Coconut Palms in South Texas

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We took a short trip to the Rio Grande Valley is South Texas Tuesday and took quite a few palm pictures in the area. The below pictures were of Coconut Palms (coco nucifera) that we stumbled across. I have no idea how long each of these palms has been in the ground. However, I have a feeling they were probably planted as seeds because each was in the yard of a home that was very modest. I don't expect the families that lived in these communities had the money to by palms to plant in the yard. I have heard that there are quite a few cocos in the area that are much bigger, but I was not able to find them.

This is a juvenile coco.

DSCF2661.jpg

This modest home had two cocos growing. The one towards the back had trunk and was bearing coconuts.

DSCF2662.jpg

This is a close up of the 2nd palm with coconuts

DSCF2663.jpg

We found several good size coconuts growing in the back of a home that was converted to a business. It didn't look they were receiving much care. Again, they were loaded with coconuts.

DSCF2664.jpg

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Ouch--I hope that dead one in the last pic didn't croak from LY...

Thanks for the pics, BigTex.

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Those look like the coconuts they sell at Home Depot, as part of their Coconut Rental Program.

I wouldn't spend much for one, as Lethal Yellow roared through there a while ago, and destroyed the CIDPs that used to line the roads there.

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Dear Dave SoCal

After reading your posts about palms in Texas, could I buy you the book 'The Power of Positive Thinking" by Norman

Vincent Peale?

LOL of course.

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Also BTW Dave - we don't have lethal yellowing here - we have "TEXAS Phoenix decline"

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Big Tex, Those are great shots of those RGV Coconuts.I know the freeze history but tracking your climate, I am suprised we do not see more,especially in the RGV.Thank you

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Big Tex, Those are great shots of those RGV Coconuts.I know the freeze history but tracking your climate, I am suprised we do not see more,especially in the RGV.Thank you

There are others. They're not abundant, but they are around. There are lots of Royal palms too. Of course "lots" is a relative term, when washingtonia are planted by the millions and outnumber every other palm combined by 20-1 at least.

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We took a short trip to the Rio Grande Valley is South Texas Tuesday and took quite a few palm pictures in the area. The below pictures were of Coconut Palms (coco nucifera) that we stumbled across. I have no idea how long each of these palms has been in the ground. However, I have a feeling they were probably planted as seeds because each was in the yard of a home that was very modest. I don't expect the families that lived in these communities had the money to by palms to plant in the yard. I have heard that there are quite a few cocos in the area that are much bigger, but I was not able to find them.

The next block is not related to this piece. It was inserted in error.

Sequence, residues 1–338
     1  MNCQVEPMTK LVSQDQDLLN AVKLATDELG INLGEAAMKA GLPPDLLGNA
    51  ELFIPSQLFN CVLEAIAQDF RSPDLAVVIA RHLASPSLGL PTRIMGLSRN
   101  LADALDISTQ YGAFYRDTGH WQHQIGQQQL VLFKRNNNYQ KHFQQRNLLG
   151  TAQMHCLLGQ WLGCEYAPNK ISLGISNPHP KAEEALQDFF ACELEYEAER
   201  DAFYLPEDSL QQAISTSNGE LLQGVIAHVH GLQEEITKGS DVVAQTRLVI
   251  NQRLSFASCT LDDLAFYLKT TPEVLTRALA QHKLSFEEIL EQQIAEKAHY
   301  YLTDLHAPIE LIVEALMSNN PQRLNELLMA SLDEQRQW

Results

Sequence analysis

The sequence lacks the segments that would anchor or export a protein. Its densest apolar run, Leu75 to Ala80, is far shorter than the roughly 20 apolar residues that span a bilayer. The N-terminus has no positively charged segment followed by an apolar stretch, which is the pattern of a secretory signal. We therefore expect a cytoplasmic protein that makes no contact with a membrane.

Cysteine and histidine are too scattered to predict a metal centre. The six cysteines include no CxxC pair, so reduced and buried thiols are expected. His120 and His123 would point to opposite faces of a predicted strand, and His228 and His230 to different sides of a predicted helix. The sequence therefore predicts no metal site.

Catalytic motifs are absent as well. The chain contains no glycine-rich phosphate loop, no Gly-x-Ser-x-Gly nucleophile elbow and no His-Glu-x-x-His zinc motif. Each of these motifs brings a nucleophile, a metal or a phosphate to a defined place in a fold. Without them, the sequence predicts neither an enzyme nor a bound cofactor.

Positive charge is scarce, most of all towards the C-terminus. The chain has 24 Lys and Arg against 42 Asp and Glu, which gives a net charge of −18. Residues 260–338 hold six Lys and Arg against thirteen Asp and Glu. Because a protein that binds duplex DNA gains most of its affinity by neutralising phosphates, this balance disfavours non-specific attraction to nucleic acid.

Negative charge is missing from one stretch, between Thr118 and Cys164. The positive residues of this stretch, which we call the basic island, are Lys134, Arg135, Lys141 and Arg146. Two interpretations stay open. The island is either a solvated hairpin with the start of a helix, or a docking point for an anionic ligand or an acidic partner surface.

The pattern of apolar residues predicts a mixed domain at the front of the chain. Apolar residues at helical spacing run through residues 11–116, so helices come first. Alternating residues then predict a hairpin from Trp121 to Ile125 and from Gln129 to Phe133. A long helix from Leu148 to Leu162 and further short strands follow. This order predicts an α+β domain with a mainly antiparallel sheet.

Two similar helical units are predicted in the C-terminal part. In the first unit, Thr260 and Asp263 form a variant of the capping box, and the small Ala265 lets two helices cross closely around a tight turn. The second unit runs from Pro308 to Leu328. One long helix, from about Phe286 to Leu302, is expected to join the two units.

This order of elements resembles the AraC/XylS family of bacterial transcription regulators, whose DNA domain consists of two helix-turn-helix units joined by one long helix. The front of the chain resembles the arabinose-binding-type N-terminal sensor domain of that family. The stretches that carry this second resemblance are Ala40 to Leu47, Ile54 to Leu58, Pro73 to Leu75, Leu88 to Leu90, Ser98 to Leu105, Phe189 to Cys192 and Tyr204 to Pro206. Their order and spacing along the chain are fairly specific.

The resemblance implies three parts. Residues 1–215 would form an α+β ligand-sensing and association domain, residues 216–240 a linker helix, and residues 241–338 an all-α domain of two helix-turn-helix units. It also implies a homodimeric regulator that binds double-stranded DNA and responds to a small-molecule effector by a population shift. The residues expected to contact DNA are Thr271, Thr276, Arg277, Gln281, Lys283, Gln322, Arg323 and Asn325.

This is a juvenile coco.

DSCF2661.jpg

This modest home had two cocos growing. The one towards the back had trunk and was bearing coconuts.

DSCF2662.jpg

This is a close up of the 2nd palm with coconuts

DSCF2663.jpg

We found several good size coconuts growing in the back of a home that was converted to a business. It didn't look they were receiving much care. Again, they were loaded with coconuts.

DSCF2664.jpg

Coconut palms are becoming very popular in the Lower Rio Grande Valley, especially in Cameron County (Harlingen, Brownsville, Port Isabel and South Padre). They stand a reasonably good chance of making it through the winter here, Zone 10A, whereas in the next county, Hidalgo County, just inland from Cameron County, it is a Zone 9B climate and you don't see many, if any at all. Nighttime lows just inland from the Brownsville/Harlingen area in the winter can be 3-5 degrees cooler, which is why you don't see them further inland. Brownsville's normal temps for January are highs 69F and lows 50F. South Padre is highs 67F, with lows of 52F. The all time lowest ever recorded in Brownsville is 12F in 1899, and 17F in South Padre in 1989, but temps like these only happen about once in a hundred years or so there. The last time there was a coconut killing freeze in the Rio Grande Valley was in 1989, and the time before was 1983. Before the 1983 freeze, though I have been told by a nursery owner in the area that there were a lot of coconut palms growing in the lower Valley in the 1970's. I have recently seen producing coconuts in Harlingen and one on South Padre Island that has dozens of coconuts on it, some almost mature and big enough to plant. In Brownsville there are two nice 30ft. tall (overall height) Mexican Tall coconut palms at a small motel in the center of town, but unfortunately the lawn crew keeps cutting off the flower spikes, or else these would have some nice size coconuts on them too. I hope to post my pics of these palms here soon, if I can figure out how (I"m not very computer literate though, so any suggestions will help, otherwise, I can just email the photos to anyone interested once I get them scanned onto a disc.)

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trust me we have lethal yellowing

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